The PESA Act, it must be noted, was not an ordinary piece of legislation. It was special in that it was designed to encourage a form of government that built upon local traditions of participatory democracy. The Supreme Court, in the landmark 2013 ruling in Orissa Mining Corporation v. Ministry of Environment & Forest & Others held that “every gram sabha shall be competent to safeguard and preserve the traditions, customs of the people, their cultural identity, community resources and community mode of dispute resolution. Therefore, gram sabha functioning under the Forest Rights Act, read with Section 4(d) of PESA, has an obligation to safeguard and preserve the traditions and customs of the Scheduled Tribes and other forest dwellers, their cultural identity, community resources, and so on.”
The epicentre of this movement is Khunti, just about an hour’s drive from Ranchi. This area is also the birthplace of iconic tribal leaders including Birsa Munda (1875-1900) and Jaipal Singh Munda (1903-1970). In response to Pathalgadi, Jharkhand’s BJP government resorted to repression. On 26 June 2018, it slapped the draconian sedition charge against 10,000 Khunti residents. As Congress leader Rahul Gandhi said, the incident “should have shocked the conscience of our nation & raised a media storm. But it hasn’t.”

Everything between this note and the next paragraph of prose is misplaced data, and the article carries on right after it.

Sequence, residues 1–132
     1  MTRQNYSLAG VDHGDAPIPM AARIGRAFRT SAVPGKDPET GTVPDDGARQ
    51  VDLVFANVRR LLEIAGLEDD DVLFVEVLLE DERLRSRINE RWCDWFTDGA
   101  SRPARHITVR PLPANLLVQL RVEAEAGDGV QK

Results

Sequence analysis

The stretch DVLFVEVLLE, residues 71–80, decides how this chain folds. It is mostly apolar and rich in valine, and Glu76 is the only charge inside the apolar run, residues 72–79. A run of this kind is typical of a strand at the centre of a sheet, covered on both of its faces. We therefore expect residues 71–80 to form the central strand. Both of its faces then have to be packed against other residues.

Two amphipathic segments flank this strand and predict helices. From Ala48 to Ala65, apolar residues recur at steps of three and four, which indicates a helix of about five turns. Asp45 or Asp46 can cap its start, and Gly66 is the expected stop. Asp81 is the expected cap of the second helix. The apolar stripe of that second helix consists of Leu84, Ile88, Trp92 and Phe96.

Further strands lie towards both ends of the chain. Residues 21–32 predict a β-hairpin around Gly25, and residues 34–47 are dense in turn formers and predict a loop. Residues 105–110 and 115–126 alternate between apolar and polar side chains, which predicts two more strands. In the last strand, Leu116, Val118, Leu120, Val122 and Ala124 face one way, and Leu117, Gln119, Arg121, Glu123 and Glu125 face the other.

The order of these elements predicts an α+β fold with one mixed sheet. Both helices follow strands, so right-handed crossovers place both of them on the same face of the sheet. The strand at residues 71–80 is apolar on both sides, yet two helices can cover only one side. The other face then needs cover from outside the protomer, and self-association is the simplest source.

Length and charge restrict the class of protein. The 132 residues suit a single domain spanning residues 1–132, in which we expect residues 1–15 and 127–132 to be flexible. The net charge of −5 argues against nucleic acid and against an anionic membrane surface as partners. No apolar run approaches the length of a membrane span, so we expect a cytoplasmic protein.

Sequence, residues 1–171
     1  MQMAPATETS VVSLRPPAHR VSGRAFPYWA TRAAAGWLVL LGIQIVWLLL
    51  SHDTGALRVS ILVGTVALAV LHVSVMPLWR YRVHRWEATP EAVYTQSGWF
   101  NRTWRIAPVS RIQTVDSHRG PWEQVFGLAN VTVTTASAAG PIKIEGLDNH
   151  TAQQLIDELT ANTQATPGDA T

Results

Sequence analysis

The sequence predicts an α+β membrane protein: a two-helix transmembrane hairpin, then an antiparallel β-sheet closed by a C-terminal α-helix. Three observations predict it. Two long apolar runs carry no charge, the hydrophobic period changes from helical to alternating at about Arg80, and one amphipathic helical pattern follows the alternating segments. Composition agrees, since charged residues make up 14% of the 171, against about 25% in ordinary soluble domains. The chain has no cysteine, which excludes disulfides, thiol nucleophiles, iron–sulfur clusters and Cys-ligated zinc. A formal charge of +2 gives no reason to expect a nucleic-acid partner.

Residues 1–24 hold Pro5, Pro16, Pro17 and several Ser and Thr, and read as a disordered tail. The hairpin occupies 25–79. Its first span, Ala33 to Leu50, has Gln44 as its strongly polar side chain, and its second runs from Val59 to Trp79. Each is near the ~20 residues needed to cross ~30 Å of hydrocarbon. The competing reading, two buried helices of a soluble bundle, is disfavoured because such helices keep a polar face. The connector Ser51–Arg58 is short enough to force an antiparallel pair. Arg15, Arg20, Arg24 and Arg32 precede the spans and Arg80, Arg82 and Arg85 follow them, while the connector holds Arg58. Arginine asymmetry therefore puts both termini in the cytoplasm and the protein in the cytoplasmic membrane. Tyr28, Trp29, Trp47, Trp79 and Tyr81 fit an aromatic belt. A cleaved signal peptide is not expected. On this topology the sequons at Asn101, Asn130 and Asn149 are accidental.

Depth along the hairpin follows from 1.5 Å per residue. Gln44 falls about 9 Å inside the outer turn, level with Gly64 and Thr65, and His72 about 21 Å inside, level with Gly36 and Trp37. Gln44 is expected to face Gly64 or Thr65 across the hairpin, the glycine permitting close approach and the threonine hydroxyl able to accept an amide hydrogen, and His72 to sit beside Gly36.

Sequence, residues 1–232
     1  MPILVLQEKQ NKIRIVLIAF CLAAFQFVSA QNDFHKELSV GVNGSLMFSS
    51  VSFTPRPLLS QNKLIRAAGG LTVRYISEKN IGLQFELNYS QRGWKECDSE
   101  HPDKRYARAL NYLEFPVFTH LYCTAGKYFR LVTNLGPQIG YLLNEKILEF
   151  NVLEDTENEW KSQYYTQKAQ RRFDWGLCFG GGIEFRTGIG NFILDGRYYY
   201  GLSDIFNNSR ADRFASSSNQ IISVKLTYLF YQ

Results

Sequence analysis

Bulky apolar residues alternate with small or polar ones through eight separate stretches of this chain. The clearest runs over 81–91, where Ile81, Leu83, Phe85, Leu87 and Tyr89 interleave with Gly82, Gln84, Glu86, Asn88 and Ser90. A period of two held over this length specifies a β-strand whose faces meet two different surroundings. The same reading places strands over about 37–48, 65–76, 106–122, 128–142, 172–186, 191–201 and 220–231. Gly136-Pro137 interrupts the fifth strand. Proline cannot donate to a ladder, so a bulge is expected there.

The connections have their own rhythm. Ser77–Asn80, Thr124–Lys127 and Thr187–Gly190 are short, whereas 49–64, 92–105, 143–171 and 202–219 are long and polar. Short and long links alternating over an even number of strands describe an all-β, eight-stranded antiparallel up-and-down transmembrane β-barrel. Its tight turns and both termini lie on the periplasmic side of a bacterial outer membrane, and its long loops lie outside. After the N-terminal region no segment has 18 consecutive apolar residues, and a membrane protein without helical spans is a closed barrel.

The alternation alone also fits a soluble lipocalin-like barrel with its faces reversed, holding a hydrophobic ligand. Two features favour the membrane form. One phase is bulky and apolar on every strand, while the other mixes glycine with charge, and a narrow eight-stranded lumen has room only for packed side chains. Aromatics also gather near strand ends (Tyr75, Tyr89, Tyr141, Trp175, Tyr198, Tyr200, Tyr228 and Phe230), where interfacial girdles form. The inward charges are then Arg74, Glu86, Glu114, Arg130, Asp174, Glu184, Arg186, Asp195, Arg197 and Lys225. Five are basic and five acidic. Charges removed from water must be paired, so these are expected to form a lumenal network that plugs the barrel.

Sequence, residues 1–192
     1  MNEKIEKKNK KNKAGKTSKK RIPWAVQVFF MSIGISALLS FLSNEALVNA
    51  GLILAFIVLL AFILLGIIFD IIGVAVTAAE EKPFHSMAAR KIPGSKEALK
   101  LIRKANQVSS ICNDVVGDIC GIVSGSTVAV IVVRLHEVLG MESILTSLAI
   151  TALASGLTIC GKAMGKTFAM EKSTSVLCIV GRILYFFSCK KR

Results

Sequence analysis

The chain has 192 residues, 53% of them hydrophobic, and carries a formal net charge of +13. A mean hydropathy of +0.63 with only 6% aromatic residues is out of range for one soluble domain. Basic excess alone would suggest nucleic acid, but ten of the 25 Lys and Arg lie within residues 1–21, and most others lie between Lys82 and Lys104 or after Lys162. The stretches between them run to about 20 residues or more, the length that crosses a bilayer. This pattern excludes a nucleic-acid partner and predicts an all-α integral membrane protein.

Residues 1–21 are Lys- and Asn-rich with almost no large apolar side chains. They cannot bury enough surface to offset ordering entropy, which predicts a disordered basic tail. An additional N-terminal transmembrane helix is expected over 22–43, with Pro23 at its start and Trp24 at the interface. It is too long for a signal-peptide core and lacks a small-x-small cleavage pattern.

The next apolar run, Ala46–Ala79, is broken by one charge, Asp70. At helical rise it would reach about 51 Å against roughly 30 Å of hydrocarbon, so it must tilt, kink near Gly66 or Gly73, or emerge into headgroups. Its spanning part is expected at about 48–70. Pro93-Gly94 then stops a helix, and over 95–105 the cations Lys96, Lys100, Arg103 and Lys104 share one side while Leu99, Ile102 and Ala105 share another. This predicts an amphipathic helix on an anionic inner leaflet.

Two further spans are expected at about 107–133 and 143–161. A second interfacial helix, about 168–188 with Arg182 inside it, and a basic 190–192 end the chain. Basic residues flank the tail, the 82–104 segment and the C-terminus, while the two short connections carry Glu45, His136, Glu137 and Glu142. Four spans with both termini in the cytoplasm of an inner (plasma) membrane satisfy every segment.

Notwithstanding all the tribal discontent, in the Lok Sabha elections held in May 2019, the NDA secured comfortable victories in the seats reserved for the tribes, including Khunti. The voter turnout, and the margin of BJP victory was relatively higher in the reserved seats. In Jharkhand, intra-tribe stratifications between the santhals, ho, munda, oraon, etc, are no secret. These stratifications reflect in the electoral behaviour of each tribal group. The loyalties, however, keep shifting. For instance, the mahtos, usually with the BJP, have recently been assertive against the party in the state.
Another factor is the Rashtriya Swayamsevak Sangh (RSS), which has developed a wide and deep presence in Jharkhand’s tribal areas. Through its education wing, the Shishu Vidya Mandir, it has become a force to reckon with, as Tariq Thachil, an associate professor at Vanderbilt University, has elaborated in his 2016 book, Elite Parties, Poor Voters: How Social Services Win Votes in India.